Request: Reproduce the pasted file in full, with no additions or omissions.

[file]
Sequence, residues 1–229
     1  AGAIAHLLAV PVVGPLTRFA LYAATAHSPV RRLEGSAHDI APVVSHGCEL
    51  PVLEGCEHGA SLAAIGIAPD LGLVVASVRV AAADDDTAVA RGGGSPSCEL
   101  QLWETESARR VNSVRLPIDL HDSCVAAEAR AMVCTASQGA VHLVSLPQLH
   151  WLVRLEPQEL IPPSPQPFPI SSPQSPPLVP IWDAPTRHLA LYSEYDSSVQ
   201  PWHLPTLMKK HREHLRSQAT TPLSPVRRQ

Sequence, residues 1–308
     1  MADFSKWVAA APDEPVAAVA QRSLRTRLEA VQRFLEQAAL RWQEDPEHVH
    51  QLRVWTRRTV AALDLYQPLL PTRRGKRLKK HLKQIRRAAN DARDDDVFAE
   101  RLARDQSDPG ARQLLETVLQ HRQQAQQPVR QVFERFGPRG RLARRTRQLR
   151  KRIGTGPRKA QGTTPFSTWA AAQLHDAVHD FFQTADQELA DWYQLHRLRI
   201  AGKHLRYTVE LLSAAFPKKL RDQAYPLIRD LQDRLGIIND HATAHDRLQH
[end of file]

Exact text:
Sequence, residues 1–229
     1  AGAIAHLLAV PVVGPLTRFA LYAATAHSPV RRLEGSAHDI APVVSHGCEL
    51  PVLEGCEHGA SLAAIGIAPD LGLVVASVRV AAADDDTAVA RGGGSPSCEL
   101  QLWETESARR VNSVRLPIDL HDSCVAAEAR AMVCTASQGA VHLVSLPQLH
   151  WLVRLEPQEL IPPSPQPFPI SSPQSPPLVP IWDAPTRHLA LYSEYDSSVQ
   201  PWHLPTLMKK HREHLRSQAT TPLSPVRRQ

Sequence, residues 1–308
     1  MADFSKWVAA APDEPVAAVA QRSLRTRLEA VQRFLEQAAL RWQEDPEHVH
    51  QLRVWTRRTV AALDLYQPLL PTRRGKRLKK HLKQIRRAAN DARDDDVFAE
   101  RLARDQSDPG ARQLLETVLQ HRQQAQQPVR QVFERFGPRG RLARRTRQLR
   151  KRIGTGPRKA QGTTPFSTWA AAQLHDAVHD FFQTADQELA DWYQLHRLRI
   201  AGKHLRYTVE LLSAAFPKKL RDQAYPLIRD LQDRLGIIND HATAHDRLQH